9. At the end of the arguments Mr. Singhvi contended that the Tribunal was in error in shutting out this part of respondent No. 1's case on the ground that there was no recrimination and he requested for a remand for trial of the issues. We will assume for the purpose of this case that the Tribunal erred on so holding; even so it is not necessary to remand the case. AH the issues can be answered on the materials 011 the record without prejudice to either party.
10. Mr. Kavalekar firstly contends that it was an error on the part of the Returning Officer not to have rejected one postal ballot paper in respect ot which the appellant had raised the objection. Mr. Kavlekar contended that there appeared at the back of this ballot paper the name 'Sawant Shankar 'Babaji.' According to him this was sufficient to identify the voter and since the principle under the Representation of the People Act, 1951, is that of election by ballot, his objection should have been upheld. He relied for this purpose on the case bf Woodward v. Sarsons (1875) 10 L C P 733, where it was said:
'The ballot paper must not be marked.....so as to make it possible, by seeing the paper itself, or by refer once to other available facts, to identify the way in which he has voted.
If these requirements are not substantially fulfilled, the ballot paper is void and should not be counted; and, if it is counted, it should be struck out on a scrutiny.
Ballot papers with the name of the voter or oE the candidate voted tor, written opposite to the name of the l after and not marked with a cross, or with the addition of 'cu' to the cross were held to be void.'
It is pertinent to note that it has not been shown either by refer once to the electoral roll or by refer, once to the evid once on record that there was any voter by the name of Sawant Shankar Babaji except respondent No. 1. It is undoubtedly true that respondent No. 1 said that he might recognise some handwritings but the question was not pursued further and he was asked whether he could recognise the writing of that particular party concerned. There is also nothing to show that respondent No. 1 had any understanding with the voter in order to be able to identify the voter and be assured that the voter had voted on his behalf. At p. 747 of the above report after referring to the enactment concerned it is said :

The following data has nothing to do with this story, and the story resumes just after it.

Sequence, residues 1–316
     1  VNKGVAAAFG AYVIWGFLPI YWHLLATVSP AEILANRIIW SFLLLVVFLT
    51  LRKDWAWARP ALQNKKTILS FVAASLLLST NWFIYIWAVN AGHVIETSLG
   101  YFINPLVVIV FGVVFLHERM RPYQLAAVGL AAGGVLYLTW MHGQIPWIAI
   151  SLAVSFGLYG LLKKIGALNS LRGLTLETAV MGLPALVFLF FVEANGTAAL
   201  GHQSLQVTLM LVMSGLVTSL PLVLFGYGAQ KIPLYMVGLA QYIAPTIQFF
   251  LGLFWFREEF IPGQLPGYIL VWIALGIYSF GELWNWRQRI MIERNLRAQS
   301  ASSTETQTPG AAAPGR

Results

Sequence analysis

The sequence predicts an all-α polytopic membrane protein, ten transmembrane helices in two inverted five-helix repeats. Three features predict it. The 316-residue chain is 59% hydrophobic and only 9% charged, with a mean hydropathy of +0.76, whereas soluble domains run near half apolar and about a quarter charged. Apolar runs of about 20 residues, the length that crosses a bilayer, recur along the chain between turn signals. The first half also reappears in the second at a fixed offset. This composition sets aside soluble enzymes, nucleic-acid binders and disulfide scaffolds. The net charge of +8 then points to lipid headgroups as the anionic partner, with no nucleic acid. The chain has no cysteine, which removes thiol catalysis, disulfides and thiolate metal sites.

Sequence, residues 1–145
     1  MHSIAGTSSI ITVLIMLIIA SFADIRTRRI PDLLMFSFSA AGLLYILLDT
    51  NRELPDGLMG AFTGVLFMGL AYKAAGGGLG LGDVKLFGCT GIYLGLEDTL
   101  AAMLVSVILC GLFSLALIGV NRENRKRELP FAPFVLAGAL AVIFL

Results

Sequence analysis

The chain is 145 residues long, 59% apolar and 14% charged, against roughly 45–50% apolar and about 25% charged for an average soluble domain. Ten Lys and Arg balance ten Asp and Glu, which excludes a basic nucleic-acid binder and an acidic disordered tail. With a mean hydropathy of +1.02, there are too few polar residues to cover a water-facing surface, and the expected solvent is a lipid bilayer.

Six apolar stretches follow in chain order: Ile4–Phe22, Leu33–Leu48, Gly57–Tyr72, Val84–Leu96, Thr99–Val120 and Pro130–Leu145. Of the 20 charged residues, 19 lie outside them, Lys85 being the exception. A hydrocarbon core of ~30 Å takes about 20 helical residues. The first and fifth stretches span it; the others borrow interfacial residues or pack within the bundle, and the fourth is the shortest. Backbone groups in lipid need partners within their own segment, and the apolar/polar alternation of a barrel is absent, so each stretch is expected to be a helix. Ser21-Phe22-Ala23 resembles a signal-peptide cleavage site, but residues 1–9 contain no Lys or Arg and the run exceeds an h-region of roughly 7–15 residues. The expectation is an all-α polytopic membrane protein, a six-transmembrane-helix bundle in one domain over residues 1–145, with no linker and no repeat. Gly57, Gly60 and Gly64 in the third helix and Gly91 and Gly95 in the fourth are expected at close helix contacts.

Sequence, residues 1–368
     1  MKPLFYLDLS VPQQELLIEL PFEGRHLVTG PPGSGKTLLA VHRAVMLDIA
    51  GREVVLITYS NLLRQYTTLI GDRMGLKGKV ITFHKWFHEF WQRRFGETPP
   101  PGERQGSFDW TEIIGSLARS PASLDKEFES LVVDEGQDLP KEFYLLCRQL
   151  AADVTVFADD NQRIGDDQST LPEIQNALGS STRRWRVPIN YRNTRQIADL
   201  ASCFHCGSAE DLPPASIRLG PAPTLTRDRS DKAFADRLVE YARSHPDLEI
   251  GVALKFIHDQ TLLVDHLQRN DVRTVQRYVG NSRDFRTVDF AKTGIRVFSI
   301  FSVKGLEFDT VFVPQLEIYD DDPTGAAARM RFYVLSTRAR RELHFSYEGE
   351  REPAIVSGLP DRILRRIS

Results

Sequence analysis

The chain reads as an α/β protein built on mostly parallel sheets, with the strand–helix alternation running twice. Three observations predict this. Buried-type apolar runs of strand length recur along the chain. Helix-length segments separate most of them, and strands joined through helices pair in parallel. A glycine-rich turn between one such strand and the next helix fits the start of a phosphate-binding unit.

'It is not every writing or every mark besides the number on the back which is to make the paper void, but only such a writing or mark as is done by which the voter can be identified.'
In our view having regard to the evid once on record: it is impossible to say that merely because the voter wrote the name of the candidate at the back of the voting paper he could have been identified. As we said, the only thing taken out from respondent No. 1 was, ''Generally I would be able to 'recognize' from handwriting with which I am acquainted, the person who wrote it.' He has not been asked whether ha was able to recognise the particular writing on the particular voting paper. In view of the paucity of evid once we are not prepared to hold that the conclusion of the Returning Officer about the validity of this voting paper was erroneous.
11. In these premises it is not necessary to refer to the argument advanced by Mr. Singhvi that the theory ol ballot cannot apply to postal ballot papers; prim a facie the argument does not appear to be sound. He attempted to show from the rules that some persons must at least know how the voter has voted. It seems that great care has been taken in framing the rules to see that when the outside envelopes are opened the Returning Officer does not see the actual vote given by the voter. The outer envelope has first to be all destroyed and it is only thereafter, after all the inner envelopes are taken out and the outer envelopes are beyond the reach of inspection of anyone, that those.other envelopes have to be examined. Under these circumstances it is doubtful if it can be said that rule of vote by ballot would not apply to postal ballot papers. The argument of the learned counsel carried to its extreme must mean that even if a ballot paper is actually signed by the voter it cannot be declared to be invalid--a contention which cannot possibly be ac-cepted. However nothing further need be said on this point as we are not prepared to hold that the conclusion of Returning Officer in connection with this ballot paper was erroneous.
12. This brings us to the first ground of attack Section 100 so far as is relevant reads as follows :
'(1) Subject to the provisions of Sub-section (2) if the Tribunal is of opinion-